10 Things To Do In Australia | MakeMyTrip Blog

Best Things to Do in Australia

Best Place / May 2, 2019

The land down under is known for its sandy, white beaches, cute and cuddly wildlife and red, arid centre. With so much diversity it’s hard to know where to start when you are planning a trip to Australia. As an Australian born and bred I am here to help you out with my top picks of the best things to do in Australia.

1. Snorkel the Great Barrier Reef

The world’s largest coral reef in Far North Queensland is simply breathtaking, whether you are viewing it from a boat, under water or even from the moon! But in my opinion, the best way to explore the Great Barrier Reef is by going snorkelling. From the minute you submerge your head in the water, you can’t help but be in awe of the natural beauty of this natural wonder of the world. There are over 1500 species of tropical fish, not to mention giant sea turtles, hundreds of brightly coloured coral and birds flying above. I even caught sight of an octopus once when I was snorkelling in the Great Barrier Reef.

The reef stretches out over 3, 000 kilometres, from the town of Bundaberg to the northern tip of Cape York. Along the way, there are many towns, small and large that you can use as a launching point for your Great Barrier Reef adventure. Some of the most popular include Cairns, Townsville and the islands of the Whitsundays.

2. Walk around Uluru

Uluru, otherwise known as Ayers Rock, is located in the red centre of Australia and is considered by many to be the spiritual heart of the country. It is a geological wander that appears to change colour depending upon when and where you view it from. Despite its imposing size, it is actually not too difficult to walk around Uluru and is definitely worth taking the time. By walking around this magnificent landmark, you can see some beautiful Aboriginal rock art that tells the stories of this ancient culture.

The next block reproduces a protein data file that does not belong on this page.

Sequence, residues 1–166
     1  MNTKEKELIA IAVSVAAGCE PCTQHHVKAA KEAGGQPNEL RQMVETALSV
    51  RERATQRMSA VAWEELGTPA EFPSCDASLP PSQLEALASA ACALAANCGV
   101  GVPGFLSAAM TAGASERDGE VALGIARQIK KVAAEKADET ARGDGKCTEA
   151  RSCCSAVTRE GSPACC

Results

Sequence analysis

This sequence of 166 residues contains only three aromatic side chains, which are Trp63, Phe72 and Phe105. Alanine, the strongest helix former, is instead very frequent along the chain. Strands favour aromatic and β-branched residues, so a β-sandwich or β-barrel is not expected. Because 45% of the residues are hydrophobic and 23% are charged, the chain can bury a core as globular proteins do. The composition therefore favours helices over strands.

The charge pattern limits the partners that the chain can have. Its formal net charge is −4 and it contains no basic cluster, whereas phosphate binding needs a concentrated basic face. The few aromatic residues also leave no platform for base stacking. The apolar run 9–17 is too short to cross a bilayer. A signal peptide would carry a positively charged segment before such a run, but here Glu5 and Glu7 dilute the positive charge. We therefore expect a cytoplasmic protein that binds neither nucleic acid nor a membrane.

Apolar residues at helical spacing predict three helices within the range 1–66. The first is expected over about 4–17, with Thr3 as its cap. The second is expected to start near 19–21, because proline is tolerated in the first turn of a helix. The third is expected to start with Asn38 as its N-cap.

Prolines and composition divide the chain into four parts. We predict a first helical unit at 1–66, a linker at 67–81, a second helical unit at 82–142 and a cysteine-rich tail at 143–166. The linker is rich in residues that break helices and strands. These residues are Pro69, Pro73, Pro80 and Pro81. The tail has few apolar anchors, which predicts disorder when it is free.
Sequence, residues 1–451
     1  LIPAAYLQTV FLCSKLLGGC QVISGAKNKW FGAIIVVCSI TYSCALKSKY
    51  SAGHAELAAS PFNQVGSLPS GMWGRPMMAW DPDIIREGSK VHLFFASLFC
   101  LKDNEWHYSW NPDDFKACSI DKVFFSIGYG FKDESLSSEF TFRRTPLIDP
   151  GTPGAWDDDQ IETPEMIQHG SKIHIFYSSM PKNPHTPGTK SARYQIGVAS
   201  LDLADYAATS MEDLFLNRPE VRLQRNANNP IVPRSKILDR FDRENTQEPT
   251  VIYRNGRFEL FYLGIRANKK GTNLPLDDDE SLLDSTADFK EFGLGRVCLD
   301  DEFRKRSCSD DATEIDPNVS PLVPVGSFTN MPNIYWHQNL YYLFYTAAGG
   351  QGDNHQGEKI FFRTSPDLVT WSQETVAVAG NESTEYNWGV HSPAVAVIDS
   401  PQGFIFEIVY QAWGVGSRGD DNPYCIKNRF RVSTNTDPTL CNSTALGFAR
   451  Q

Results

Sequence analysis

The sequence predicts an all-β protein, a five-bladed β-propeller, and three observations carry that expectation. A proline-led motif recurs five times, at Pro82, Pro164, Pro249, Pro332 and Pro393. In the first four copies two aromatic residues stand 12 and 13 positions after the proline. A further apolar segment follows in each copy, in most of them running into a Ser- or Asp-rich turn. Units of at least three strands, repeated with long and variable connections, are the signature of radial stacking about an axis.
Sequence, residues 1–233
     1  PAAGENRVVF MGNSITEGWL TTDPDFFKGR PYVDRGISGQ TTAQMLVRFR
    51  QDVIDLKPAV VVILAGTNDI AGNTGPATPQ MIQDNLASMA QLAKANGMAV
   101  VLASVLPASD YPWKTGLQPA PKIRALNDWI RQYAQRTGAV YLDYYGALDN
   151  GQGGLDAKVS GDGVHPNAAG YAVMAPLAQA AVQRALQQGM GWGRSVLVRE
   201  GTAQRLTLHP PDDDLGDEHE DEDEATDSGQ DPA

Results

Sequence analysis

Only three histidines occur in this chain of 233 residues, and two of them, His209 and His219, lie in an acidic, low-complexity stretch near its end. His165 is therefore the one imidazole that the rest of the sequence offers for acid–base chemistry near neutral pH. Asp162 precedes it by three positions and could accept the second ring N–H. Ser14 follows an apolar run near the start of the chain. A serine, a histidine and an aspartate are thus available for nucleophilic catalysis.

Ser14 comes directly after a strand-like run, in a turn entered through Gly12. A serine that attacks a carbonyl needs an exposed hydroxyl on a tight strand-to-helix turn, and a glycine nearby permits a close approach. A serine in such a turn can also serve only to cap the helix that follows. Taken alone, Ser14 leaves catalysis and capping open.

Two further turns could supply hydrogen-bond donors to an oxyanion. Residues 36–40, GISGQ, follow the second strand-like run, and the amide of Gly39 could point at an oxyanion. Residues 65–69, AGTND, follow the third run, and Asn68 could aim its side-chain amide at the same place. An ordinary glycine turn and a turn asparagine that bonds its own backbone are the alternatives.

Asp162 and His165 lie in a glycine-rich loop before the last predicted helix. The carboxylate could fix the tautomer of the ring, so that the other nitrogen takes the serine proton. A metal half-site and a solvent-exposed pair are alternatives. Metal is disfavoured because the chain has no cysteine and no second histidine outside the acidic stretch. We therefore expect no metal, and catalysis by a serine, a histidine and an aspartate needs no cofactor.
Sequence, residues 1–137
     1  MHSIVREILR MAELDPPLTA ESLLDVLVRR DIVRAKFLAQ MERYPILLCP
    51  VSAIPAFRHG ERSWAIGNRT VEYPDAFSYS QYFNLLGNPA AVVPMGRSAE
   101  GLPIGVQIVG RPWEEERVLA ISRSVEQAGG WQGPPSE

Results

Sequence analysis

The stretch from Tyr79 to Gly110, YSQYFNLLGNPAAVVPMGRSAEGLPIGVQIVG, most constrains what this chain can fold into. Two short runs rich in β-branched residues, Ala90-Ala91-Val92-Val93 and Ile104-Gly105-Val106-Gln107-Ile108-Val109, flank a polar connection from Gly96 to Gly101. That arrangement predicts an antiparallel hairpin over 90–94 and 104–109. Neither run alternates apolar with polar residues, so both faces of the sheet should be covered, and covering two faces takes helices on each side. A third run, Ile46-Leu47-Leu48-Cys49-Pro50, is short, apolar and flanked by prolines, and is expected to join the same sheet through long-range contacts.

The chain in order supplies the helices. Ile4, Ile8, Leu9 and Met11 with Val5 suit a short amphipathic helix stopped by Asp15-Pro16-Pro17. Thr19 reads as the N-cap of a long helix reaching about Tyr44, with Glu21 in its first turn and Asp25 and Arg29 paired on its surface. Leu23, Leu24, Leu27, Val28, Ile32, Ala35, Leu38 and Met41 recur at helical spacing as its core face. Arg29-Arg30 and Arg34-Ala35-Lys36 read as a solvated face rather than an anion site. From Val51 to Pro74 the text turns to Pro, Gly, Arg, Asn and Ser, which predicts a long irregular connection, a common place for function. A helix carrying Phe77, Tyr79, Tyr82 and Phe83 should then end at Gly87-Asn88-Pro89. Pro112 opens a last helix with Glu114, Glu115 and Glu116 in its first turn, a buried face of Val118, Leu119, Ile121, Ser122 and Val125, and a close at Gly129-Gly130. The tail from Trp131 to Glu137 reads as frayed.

After your walk, make sure you also visit one of the many viewing points for Uluru both at sunrise and sunset. It is at these times that you can witness the stunning landscape and the incredible transformation it makes as it glows from vibrant red to orange under the sunlight.

3. Hike Cradle Mountain

The small island of Tasmania is often forgotten by visitors to Australia in spite of being one of the most naturally beautiful regions of the country. The World Heritage Area of Cradle Mountain is popular amongst hiking enthusiasts due to its incredible views. With rugged mountains surrounded by glacial lakes and the smell of pine in the air, the great outdoors doesn’t really get much better than this. If you are lucky, you may even catch a glimpse of an Australian native animal like an echidna or platypus.

One of the most popular hikes is the Overland Track that is a 6 day journey from Cradle Mountain to Lake St Clair. But if you are looking for something a little less strenuous, there are many shorter day walks that you can take in the Cradle Mountain region.

An iconic part of the Sydney skyline, the Sydney Harbour Bridge is unforgettable when viewed from Circular Quay. But if you are a bit more adventurous, you can see it from a completely different angle when you climb it.

The Sydney Harbour Bridge Climb involves being latched onto a guide that then allows you to scale the curve of the bridge. It can be a little bit scary but you are quite secure and the view from the peak is truly breathtaking. I climbed the bridge on a rather wet and grey day and even the rain didn’t dampen my experience. If you are looking for a truly unique experience, you can even get married at the peak of the Sydney Harbour Bridge!

5. Visit Byron Bay Lighthouse

The small country town of Byron Bay in northern NSW is the eastern most point of Australia, making it the perfect place to watch the sunrise. The Byron Bay Lighthouse was built here to lookout for ships as they came into the rocky shores. Nowadays, it is the perfect vantage point for stunning ocean views, catching a glimpse of some dolphins at play or even humpback whales during their annual migration.

Wander around the headland and then slowly meander back into town. You can even take a break and go for a dip in the ocean at Watego’s Bay on the way.

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